//Ben Seidman at NJIT

Ben Seidman at NJIT

By Melanie Bucoy, staff writer

If you were one of the lucky students to attend NJIT SAC’s Java House on Thursday April 21, then you would know that comedian and magician, Ben Seidman, has been one of the best performers to come to NJIT.

NJIT had the pleasure of having this wonderful man entertain us to new levels that left the audience in awe and laughter simultaneously. Seidman is a creative magician that combines both his talent of psychoanalysis and sleight-of-hand with his comedic wit to wow his audience and make them laugh like never before. Not only is he constantly engaging the audience with his cunning tricks, but he also makes witty comments and jokes that make the whole audience fall in love with him. If there was one thing to take away from Ben, it was his saying that resonated with the audience: “Fate is just a message in a bottle”.

Seidman is known for being a resident entertainer at Mandalay Bay Casino in Las Vegas, performing all over the country in various venues and universities, and is even a TV personality on the Travel Channel! When he’s not on the stage performing he also writes and directs shows like Criss Angel Mindfreak on A&E and even teaches magic tricks to Johnny Knoxville.

What makes Seidman so special is that he gets the audience to be comfortable with him and allows us to interact with him throughout his entire show. His acts integrate both the humor in his anecdotes and his clever tricks to the very end of performance. From the very beginning he sets up the stage for a captivating and also insightful experience for the audience. As a proper magician he controls the audience with ease, constantly commandeering the gaze of the audience through misdirection. At one point of the show he picks out someone from the audience, to which he gives the audience a peek of how he uses misdirection by performing a trick on the person. He takes out a plain tissue box and pulls out a tissue paper. He then clenches it in one hand and extends both arms prompting the participant to guess which hand he tucked it away in. Using his sleight-of-hand he makes the participant believe the tissue paper is in one hand when, in fact, it is in the other. He does this a couple of times, impressing the audience members and the participant. He follows up by then letting the seated audience members, not on stage, in on his tricks. He dexterously manages to throw the tissue papers over the participant’s shoulder without them knowing, and then he extends his arms again for another round of guessing. The participant was baffled; from the participant’s perspective the tissue papers were vanishing. The audience members watching knew full well of what was happening. This is where he uses his comedic talent to connect with the audience. To make sure that the participant isn’t missing out on what is occurring before them he begins to use bigger objects like tissues that he balled together. To the participant the magic is unravelling as he starts using his shoes and it becomes obvious to what is happening. At this point Seidman has the audience right where he wants them as he triggers large amounts of laughter and chuckles, and eventually applause.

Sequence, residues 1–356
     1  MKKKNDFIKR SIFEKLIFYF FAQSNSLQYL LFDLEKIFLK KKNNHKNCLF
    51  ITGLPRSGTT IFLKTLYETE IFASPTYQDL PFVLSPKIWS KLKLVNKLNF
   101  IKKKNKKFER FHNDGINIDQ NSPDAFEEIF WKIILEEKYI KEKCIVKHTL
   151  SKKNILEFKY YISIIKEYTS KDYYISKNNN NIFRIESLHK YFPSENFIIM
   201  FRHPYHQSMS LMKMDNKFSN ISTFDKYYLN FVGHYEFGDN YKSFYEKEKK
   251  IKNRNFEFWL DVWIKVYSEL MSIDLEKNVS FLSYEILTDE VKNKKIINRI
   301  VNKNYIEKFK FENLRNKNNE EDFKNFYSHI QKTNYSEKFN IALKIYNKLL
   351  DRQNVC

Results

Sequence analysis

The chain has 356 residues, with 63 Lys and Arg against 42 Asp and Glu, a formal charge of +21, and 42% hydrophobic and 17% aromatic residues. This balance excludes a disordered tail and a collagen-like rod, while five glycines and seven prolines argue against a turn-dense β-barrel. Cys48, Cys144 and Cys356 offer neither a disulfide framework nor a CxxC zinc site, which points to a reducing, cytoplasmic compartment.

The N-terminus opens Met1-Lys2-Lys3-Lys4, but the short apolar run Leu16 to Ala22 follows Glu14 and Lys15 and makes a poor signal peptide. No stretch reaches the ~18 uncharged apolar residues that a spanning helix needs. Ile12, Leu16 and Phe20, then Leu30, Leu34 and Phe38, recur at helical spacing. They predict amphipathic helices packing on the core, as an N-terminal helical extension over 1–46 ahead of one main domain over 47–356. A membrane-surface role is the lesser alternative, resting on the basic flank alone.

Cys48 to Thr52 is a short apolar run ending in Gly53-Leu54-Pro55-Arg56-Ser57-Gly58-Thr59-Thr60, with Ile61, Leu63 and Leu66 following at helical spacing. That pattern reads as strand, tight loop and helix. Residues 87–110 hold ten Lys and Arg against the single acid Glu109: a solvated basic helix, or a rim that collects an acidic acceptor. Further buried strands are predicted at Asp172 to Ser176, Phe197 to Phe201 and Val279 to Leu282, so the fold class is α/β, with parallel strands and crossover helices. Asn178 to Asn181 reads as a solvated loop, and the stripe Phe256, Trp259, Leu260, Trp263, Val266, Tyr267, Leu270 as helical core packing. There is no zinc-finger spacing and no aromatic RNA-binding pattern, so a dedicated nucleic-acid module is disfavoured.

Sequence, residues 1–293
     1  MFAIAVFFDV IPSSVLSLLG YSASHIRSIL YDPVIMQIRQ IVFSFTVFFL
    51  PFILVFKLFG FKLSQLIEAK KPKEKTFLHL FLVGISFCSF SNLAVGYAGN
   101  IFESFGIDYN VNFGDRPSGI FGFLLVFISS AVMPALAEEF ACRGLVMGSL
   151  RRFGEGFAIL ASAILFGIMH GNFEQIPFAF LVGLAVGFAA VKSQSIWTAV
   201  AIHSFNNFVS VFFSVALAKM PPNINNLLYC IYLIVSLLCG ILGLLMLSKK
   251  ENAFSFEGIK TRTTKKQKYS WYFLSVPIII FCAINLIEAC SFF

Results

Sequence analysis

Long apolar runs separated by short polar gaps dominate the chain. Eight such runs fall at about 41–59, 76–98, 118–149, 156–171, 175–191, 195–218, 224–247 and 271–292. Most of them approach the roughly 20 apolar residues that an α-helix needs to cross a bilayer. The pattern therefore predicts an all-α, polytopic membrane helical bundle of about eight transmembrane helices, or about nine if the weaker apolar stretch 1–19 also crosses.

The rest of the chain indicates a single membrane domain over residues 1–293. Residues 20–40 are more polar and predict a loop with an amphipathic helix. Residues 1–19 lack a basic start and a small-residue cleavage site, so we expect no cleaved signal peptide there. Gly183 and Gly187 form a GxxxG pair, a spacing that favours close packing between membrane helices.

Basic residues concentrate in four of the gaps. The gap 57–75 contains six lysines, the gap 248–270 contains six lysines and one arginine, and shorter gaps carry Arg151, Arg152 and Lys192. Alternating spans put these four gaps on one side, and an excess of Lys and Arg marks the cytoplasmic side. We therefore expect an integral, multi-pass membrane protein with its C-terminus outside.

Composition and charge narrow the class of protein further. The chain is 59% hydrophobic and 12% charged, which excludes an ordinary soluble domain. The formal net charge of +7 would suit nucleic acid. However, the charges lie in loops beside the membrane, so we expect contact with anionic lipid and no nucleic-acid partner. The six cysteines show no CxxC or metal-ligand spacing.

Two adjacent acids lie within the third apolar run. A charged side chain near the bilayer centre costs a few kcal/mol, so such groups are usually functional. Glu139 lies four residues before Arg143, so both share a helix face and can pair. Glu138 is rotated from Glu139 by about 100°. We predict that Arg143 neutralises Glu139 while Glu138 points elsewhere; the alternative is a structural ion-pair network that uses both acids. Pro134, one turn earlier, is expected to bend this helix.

If you are looking for fresh and good entertainer, be sure to check on Ben Seidman’s materials on the Internet. Check him out on YouTube, Twitter, and Instagram. Even better, he also co-stars in Magic Outlaws on the Travel Channel. Seidman is definitely worth the watch.

SAC’s Java Houses are a highlight of an amazing organization, the Student Activities Council, bringing in great performers for our students. Any student can come to these events and receive a night full of great entertainment and food, with the added bonus that it is all free. Now that the semester is closing, keep your eyes open for any last events that you can be a part of and back again in the fall. Be sure to check out the performers that come by on campus.

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This article was written by a previous member of the Vector Staff, a member of the Vector who does not have staff privileges, or by multiple authors. Author credentials are given at the bottom of the article.

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This article was written by a previous member of the Vector Staff, a member of the Vector who does not have staff privileges, or by multiple authors. Author credentials are given at the bottom of the article.